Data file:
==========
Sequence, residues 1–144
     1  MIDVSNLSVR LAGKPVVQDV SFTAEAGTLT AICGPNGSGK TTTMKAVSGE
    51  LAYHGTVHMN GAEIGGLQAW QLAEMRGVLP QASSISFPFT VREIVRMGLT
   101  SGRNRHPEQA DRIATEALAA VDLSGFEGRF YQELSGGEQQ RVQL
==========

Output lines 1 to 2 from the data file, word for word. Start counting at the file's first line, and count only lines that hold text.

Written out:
Sequence, residues 1–144
     1  MIDVSNLSVR LAGKPVVQDV SFTAEAGTLT AICGPNGSGK TTTMKAVSGE